The country's two largest fuel companies say there needs to be a levelling of the playing field on petrol taxes, and could change operations to earn tax advantages.
Last month it emerged that the Customs Department was pursuing fuel retailer Gull for $23 million in unpaid excise and penalties, after discovering it had been blending butane into its petrol since 2003.
In doing so it exploited a lower excise rate on butane, which Customs is challenging in the Court of Appeal. Gull, which successfully defended its position in the High Court, has refused to comment while the case is before the courts.
BP New Zealand blew the whistle on Gull's blending in 2010, as it sought clarification from Customs as to whether it, too, could use butane to reduce its excise bill.
Customs refused permission. BP managing director Matt Elliott said it was important the issue was clarified to ensure "fair competition".
"BP pays all taxes and excise as required by law. We're looking forward to a resolution so we can have a level playing field,” Elliott said.
Z Energy's Mike Bennetts said the company was also watching the case closely, with the outcome influencing its future model. Z's interpretation of the rules was that petrol excise should be paid on the full volume sold, including on additives designed to make fuel burn cleaner or more efficiently.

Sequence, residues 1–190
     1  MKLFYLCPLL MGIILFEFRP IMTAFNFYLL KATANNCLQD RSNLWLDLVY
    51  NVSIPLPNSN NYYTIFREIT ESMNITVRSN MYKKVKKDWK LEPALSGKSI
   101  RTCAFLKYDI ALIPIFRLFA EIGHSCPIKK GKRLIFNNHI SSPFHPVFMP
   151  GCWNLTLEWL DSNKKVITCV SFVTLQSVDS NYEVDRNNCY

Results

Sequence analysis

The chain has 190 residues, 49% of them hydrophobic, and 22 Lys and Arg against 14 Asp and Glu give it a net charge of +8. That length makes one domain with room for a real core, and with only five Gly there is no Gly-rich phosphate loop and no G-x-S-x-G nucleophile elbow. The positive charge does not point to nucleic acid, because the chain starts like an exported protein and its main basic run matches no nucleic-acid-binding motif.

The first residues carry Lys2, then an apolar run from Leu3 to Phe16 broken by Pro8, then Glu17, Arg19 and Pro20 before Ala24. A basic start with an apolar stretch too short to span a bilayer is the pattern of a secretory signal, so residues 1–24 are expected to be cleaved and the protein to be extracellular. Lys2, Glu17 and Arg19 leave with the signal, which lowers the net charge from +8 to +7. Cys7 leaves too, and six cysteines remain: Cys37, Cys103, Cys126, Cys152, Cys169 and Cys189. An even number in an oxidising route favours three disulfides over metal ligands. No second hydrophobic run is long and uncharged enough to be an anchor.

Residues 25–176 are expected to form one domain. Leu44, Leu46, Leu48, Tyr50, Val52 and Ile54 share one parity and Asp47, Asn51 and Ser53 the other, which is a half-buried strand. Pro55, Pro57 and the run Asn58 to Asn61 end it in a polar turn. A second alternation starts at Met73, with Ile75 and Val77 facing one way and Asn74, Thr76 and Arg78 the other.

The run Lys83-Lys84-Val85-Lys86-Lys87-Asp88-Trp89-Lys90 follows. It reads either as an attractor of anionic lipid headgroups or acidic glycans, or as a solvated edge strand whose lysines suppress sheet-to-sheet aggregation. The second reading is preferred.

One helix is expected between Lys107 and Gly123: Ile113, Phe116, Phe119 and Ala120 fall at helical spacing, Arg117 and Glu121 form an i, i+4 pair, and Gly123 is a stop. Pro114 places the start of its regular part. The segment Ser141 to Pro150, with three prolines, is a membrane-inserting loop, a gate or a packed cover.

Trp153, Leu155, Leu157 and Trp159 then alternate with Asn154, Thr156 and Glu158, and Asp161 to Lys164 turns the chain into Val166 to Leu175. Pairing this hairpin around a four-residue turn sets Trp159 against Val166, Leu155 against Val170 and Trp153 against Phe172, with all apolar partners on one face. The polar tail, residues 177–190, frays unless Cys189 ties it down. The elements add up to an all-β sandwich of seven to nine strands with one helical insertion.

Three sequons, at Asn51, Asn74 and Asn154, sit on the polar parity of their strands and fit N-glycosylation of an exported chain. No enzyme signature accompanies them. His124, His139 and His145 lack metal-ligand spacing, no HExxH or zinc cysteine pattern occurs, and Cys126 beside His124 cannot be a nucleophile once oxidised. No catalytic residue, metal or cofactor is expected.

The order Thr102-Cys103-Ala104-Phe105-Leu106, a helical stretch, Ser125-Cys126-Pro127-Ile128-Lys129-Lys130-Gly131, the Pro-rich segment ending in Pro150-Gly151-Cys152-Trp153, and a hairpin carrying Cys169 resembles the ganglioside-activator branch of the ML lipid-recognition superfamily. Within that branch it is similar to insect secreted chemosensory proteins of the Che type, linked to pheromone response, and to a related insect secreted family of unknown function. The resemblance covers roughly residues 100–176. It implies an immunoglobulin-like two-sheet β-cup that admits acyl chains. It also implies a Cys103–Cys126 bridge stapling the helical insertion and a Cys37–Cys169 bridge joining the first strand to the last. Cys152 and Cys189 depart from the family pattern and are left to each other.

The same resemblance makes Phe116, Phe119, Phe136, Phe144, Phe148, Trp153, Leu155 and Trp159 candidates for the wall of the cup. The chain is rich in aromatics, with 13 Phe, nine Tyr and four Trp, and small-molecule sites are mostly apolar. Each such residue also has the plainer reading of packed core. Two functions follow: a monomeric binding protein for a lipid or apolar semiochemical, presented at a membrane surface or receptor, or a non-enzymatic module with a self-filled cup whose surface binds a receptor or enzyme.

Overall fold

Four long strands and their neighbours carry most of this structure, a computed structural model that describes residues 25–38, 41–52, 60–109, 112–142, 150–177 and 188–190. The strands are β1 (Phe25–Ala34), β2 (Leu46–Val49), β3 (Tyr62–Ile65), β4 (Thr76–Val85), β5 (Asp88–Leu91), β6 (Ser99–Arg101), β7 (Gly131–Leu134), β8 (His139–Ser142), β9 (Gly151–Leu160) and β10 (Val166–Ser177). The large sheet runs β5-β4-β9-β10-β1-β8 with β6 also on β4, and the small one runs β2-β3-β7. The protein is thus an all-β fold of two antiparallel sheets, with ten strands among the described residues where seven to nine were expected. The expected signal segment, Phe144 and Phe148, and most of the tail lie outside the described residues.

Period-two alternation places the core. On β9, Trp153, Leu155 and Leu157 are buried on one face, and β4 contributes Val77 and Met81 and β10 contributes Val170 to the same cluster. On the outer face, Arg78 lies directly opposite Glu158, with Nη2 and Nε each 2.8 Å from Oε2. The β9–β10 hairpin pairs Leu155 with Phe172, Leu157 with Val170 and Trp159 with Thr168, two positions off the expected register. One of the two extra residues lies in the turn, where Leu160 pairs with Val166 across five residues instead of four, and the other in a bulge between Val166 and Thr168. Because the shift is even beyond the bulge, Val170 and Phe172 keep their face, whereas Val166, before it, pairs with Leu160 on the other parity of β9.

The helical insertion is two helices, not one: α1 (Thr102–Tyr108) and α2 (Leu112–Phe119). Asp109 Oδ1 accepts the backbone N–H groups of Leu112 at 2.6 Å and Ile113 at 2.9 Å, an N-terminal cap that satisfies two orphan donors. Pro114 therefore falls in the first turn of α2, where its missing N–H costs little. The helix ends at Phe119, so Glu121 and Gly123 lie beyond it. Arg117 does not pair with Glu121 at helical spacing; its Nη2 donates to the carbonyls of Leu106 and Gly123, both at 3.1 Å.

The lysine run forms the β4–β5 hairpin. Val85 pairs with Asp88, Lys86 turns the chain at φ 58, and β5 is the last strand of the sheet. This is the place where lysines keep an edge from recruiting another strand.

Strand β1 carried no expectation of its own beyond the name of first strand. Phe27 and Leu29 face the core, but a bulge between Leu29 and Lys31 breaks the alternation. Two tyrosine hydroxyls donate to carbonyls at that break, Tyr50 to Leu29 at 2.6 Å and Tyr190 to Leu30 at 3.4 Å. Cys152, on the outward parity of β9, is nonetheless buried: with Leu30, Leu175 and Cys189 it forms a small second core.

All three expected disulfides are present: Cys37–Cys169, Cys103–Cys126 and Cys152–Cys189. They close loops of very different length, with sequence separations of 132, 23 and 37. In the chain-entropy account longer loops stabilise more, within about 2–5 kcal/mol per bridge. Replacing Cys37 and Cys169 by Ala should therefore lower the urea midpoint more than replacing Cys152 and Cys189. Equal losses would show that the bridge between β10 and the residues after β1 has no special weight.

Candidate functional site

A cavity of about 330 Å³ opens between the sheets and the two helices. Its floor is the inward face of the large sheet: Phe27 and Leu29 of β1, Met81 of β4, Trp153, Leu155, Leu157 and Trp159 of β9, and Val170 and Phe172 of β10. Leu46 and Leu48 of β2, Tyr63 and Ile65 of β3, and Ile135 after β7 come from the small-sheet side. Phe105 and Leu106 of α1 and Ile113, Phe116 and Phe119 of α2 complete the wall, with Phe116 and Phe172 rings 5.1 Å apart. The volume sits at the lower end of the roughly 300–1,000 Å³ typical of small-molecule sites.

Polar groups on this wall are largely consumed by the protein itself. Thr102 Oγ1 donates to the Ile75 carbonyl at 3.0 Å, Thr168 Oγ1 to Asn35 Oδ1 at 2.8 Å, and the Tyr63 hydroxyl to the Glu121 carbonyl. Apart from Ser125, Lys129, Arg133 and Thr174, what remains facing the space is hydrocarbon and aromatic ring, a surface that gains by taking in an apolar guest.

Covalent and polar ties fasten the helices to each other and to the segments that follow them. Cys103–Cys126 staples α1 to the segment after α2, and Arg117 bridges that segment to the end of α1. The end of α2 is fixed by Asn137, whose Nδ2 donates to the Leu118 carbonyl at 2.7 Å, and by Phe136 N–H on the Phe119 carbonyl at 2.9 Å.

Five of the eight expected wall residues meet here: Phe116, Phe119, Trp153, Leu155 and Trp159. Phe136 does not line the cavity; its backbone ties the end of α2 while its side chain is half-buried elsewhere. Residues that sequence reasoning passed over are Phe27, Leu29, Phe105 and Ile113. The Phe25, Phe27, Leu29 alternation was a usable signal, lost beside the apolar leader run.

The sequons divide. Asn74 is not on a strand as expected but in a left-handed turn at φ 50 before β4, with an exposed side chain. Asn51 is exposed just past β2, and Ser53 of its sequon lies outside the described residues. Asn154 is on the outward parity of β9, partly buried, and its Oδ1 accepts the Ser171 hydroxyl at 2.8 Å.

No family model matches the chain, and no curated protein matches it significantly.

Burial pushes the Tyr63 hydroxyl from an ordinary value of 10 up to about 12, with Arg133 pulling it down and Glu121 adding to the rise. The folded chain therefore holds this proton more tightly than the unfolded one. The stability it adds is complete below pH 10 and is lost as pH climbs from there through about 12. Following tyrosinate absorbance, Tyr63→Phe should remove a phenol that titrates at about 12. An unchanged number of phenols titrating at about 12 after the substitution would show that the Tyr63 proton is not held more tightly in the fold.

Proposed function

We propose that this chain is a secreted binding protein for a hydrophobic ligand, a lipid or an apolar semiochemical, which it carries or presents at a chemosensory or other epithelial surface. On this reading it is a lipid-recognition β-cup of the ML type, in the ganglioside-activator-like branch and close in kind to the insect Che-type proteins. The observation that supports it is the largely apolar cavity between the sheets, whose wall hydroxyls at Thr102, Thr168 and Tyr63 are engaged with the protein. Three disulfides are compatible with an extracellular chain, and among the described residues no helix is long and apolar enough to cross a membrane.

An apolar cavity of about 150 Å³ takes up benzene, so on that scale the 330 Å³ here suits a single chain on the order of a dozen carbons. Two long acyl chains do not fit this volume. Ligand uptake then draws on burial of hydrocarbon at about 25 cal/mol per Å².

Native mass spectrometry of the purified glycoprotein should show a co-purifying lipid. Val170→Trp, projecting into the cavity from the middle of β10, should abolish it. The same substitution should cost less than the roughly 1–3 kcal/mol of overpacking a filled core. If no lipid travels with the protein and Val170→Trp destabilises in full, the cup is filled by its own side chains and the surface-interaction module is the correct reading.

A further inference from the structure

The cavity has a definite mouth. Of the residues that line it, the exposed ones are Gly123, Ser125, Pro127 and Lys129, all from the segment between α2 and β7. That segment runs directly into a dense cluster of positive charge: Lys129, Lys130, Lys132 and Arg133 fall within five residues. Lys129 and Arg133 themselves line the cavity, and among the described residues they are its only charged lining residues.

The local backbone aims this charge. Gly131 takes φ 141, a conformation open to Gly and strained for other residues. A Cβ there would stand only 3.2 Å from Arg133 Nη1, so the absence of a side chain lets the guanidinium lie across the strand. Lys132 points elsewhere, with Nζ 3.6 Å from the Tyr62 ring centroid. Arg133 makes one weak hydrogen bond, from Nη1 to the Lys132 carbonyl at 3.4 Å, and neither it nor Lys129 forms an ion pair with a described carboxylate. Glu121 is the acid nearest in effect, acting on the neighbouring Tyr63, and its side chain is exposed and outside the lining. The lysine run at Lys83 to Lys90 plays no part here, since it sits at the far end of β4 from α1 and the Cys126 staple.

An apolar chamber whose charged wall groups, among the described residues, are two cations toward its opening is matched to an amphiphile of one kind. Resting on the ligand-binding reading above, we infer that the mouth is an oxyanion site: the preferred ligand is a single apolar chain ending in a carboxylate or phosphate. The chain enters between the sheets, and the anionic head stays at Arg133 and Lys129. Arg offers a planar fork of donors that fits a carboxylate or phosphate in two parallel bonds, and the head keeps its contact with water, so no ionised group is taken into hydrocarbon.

Without a lower excise rate the company saw no reason to add butane.
"It simply doesn't provide any value to the customer," Bennetts said. "You would only do it if it were to provide a cost saving, [but] if you fully meet our understanding of the obligations to Customs, there's no incentive for us to do it."
Bennetts said the company also wanted certainty on an excise exemption on ethanol.
Produced from natural products, up to 10 per cent ethanol can be added to petrol, at zero excise. While Gull has taken up blending ethanol into some of its petrol, Bennetts said Z needed certainty from the Government that the exemption would be maintained should it choose to also add ethanol.
"Anything we do, we would want to do it at scale, and provide the choice to all of our customers across the entire country," Bennetts said.
Blending ethanol at 11 terminals would cost Z "millions, but less than $10 million", Bennetts said.
Both ethanol and butane have a lower energy content than 91 octane petrol, meaning consumers may get less mileage from the same volume, which should be reflected in a lower price.
Bennetts said he hoped organisations such as the Automobile Association (AA) and Consumer New Zealand would place greater scrutiny on different products being sold by fuel companies.
AA spokesman Mark Stockdale said consumers should be made aware if they were buying a fuel blended from other fuels, especially if it affected the energy content.
- © Fairfax NZ News